How Do You Begin Homeschooling Your Child?
Are you ready to jump start with homeschooling your child? You have put in much thought and researched the concept of homeschooling and like the idea of being able to control your child's educational experience. You believe that a homeschool suits your child's needs a lot better than a public or private school and now comes the time for pragmatic steps.
First of all, educate yourself about the homeschooling laws of your state. This is a critical first step because each state has different laws about the requirements. There are laws related to attendance and those stipulating the need for homeschoolers to work with an umbrella school that supervises their work. The idea behind these laws is to ensure that families have a way of staying integrated with the curriculum of the state and to ensure that people are discouraged from ignoring even basic educational standards.
Once you are completely familiar with laws and feel like you can make the required legal commitment, the next step is to find a support network. As part of your initial research, you may have contacted some other parents in the area who are homeschooling. It is good idea to join an established group as they can be a big help in figuring out the initial speed bumps and also in providing a long term social network that helps the parents and the children. It may sometimes take some patience to figure out a group that is a good fit for each family.
After these broader things have been addressed, it is time to get to some of the nitty gritty details such as actually deciding on a curriculum. While other homeschooling families and school criteria will give you some guidelines, it is best to start from scratch and factor in your priorities while designing a curriculum for your child. With this goal in mind, break down what your aims for any school year are and think in terms of lesson plans and study skills. It is one of the inherent dangers of homeschooling that sometimes, despite the best of intentions, idealistic ambitions do not get translated into concrete details such as worksheets and rubrics. While quality education does not always need it, a systematic approach goes a long way in ensuring that you meet your goals for your homeschool.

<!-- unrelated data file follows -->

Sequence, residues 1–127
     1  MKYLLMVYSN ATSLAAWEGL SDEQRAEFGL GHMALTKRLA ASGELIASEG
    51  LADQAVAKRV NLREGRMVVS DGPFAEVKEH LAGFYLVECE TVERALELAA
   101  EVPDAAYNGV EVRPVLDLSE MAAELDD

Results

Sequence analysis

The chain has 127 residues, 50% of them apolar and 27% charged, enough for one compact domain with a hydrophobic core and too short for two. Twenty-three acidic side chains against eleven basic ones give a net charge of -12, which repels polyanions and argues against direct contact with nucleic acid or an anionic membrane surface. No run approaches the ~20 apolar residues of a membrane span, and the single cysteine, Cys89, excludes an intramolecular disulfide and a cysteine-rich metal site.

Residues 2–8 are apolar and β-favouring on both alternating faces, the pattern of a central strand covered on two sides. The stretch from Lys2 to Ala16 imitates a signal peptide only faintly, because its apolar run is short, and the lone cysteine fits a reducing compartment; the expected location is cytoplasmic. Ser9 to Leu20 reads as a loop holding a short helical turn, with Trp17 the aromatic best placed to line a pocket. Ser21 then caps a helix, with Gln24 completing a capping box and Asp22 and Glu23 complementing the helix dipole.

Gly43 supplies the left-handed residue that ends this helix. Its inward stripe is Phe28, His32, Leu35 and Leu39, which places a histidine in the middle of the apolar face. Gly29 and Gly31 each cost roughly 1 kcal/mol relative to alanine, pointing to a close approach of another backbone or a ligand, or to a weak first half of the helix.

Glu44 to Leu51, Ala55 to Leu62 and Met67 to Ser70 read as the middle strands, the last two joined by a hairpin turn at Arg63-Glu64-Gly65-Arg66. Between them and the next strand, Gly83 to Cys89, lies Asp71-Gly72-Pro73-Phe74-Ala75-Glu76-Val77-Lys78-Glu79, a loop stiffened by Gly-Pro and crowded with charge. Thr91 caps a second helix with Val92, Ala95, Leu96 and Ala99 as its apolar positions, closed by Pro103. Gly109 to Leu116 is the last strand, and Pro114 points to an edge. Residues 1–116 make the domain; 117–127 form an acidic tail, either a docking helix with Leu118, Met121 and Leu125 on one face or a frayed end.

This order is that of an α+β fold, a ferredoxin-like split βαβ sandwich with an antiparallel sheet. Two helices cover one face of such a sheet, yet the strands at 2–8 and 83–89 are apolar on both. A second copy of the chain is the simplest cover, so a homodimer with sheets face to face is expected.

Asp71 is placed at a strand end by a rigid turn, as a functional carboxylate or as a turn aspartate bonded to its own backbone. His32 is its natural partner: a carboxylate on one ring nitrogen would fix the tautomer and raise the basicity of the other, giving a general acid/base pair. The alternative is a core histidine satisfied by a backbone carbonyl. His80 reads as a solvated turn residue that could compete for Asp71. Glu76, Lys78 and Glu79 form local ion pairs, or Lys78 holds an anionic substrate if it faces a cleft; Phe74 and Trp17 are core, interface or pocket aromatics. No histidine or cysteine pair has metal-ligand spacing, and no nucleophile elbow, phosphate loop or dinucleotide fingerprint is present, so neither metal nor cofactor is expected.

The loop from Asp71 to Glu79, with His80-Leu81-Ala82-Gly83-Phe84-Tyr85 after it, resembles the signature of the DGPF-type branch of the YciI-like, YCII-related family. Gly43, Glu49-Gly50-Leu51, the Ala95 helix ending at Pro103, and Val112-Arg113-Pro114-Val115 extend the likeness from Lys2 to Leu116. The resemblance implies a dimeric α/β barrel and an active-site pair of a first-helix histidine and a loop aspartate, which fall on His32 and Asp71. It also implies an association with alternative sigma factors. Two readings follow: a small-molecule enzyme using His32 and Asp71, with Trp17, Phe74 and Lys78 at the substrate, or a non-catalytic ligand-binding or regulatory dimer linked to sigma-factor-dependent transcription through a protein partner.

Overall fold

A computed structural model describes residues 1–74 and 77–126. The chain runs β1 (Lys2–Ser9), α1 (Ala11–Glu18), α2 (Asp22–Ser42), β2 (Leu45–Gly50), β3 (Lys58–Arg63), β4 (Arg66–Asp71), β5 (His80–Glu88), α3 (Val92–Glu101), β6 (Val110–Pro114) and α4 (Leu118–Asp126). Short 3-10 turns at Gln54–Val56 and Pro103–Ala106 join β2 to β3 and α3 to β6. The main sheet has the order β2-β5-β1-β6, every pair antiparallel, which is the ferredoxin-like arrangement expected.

This is tangentially related to another point while starting out your homeschool. Be organized about record keeping. In some states, it is mandated that the hours spend on studying be recorded and in some it is not. Either way a clear record of what is taught and a progress of academic achievement is a useful tool to have when your child has to move forward. It does not hurt to have detailed information and it may well hurt to have too little recorded data.
In getting ready for homeschooling, prepare yourself and your family psychologically for the reality of spending several hours together. Make sure that home does not start to feel like a long day at school with no real breaks. Be creative in coming up with lesson plans that allow for outings and interactions. Make sure you get enough breaks - if you are networking with other homeschoolers you can consider taking turns with other adults in covering certain subject areas. This will avoid the feeling of monotony for parent and child. Homeschooling can be a rewarding experience and a little bit of prep work can go a long way in making the whole experience very smooth sailing.